A Few New: Call It A – What Exactly?; Shadorma 352; Next, Hail

Here are a few new poems from recent times.

Call It A – What, Exactly?

it has been four days
and the barflies
are starting to grumble
the janitor’s already measuring you
for a trash bag
Go home.

5/3/21

*******

Shadorma 352

her footprints
in the wet cement
On small feet
every day
she skips alongside me though
she’s long since grown up

4/25/21

*******

Next, Hail

Clouds move in mass up
One bold hard streak of lightning
fries the transformer

loud boom pop zzzt bzzz
There go the lights and there go
my nerves. Thunderstorm.

haiku chain
5/6/21

6 thoughts on “A Few New: Call It A – What Exactly?; Shadorma 352; Next, Hail

  1. The footprint one is very poignant. I made a calendar of art made from my kids’ hand- and footprints when they were wee and now their feet are so colossal I don’t think they would fit on a sheet of standard paper. Ha ha! I actually make hand- and footprint art throughout the school year with my preschool students and compile them all into a book for the end of the year because I like to think that, some day in the future, their parents will like looking back on how little they were.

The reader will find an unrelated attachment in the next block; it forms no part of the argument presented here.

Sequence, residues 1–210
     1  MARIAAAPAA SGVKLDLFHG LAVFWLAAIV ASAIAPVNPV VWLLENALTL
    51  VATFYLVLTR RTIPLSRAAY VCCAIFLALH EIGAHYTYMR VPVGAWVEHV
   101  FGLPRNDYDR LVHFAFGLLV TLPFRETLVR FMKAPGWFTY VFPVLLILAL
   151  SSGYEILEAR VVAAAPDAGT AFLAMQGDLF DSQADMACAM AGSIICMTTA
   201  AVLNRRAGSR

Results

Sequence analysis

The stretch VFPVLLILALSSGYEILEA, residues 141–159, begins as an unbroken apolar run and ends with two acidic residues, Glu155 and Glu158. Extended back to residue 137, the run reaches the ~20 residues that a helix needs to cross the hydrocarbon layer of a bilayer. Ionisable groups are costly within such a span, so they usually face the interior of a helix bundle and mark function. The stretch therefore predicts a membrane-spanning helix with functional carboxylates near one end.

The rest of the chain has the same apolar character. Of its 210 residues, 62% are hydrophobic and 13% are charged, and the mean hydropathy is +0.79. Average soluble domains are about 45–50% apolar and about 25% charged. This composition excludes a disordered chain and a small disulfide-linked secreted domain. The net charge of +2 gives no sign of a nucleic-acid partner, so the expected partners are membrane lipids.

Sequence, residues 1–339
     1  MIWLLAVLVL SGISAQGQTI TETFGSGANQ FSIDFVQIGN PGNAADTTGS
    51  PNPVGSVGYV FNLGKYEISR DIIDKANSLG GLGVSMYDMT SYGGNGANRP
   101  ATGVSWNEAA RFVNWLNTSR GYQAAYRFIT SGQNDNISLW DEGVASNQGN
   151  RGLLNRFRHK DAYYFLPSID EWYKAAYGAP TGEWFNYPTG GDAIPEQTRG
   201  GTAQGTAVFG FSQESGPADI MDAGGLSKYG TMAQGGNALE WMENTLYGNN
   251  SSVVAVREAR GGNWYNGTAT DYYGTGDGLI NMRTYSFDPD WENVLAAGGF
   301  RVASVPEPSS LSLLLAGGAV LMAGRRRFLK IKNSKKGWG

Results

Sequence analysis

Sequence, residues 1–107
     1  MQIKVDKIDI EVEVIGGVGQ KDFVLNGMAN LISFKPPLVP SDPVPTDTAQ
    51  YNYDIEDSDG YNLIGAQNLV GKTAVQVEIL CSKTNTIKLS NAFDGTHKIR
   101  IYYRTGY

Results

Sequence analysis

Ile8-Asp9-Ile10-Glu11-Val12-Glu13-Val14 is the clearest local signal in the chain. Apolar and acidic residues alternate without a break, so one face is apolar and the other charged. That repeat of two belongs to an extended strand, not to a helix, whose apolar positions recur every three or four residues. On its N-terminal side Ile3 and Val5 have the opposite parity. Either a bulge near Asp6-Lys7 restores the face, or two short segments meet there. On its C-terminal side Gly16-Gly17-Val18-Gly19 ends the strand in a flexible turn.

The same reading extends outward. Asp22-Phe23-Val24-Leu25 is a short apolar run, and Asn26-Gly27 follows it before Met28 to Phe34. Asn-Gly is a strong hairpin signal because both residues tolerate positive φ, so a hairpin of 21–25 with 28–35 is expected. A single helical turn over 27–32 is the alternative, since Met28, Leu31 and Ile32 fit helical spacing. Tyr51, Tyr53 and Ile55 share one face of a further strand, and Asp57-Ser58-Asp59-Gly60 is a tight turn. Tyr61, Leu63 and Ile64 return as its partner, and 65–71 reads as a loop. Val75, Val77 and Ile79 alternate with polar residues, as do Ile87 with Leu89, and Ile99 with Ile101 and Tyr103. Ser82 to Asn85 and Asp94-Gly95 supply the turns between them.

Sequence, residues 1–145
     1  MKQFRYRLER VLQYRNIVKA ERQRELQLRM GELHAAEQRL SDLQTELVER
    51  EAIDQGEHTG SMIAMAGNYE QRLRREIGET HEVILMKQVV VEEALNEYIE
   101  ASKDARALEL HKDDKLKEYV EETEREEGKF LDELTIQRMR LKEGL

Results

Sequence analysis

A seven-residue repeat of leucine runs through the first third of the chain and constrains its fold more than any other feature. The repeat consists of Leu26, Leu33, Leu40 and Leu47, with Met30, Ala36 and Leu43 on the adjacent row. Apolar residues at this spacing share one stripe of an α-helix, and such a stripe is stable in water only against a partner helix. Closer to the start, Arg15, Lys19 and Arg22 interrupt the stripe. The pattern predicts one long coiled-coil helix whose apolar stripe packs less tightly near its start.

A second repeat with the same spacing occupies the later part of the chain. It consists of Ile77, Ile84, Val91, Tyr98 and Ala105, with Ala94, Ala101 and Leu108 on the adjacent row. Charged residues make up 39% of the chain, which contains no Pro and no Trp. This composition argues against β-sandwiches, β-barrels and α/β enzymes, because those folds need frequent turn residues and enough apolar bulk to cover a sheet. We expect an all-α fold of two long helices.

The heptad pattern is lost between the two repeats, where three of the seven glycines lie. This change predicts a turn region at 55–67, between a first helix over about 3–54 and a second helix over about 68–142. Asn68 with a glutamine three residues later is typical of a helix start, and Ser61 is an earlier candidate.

I love the use of onomatopoeia in the storm poem. The barfly poem made me laugh. Being measured for a coffin is one thing but the trash bag made me laugh.

    • The footprints were inspired by a memory of a stone wall at my granparents’ house, with a smoothed concrete top that my older cousins had put their handprints in plus the date (I was not born when this was done). I am sure this wall is long gone, but in my mind, I can still see it, those small hands still live on…as for the problems at the bar, the janitor is just fed up! and knows how to handle things to move them along.

      • You never know. Those handprints might be there for the rest of time. One of the most wonderful, touching things I have ever seen in a museum was an exhibit in Rome of a Roman child’s footprint where they had clearly stepped in the material before it had set. I just loved that it had been preserved for millenia.

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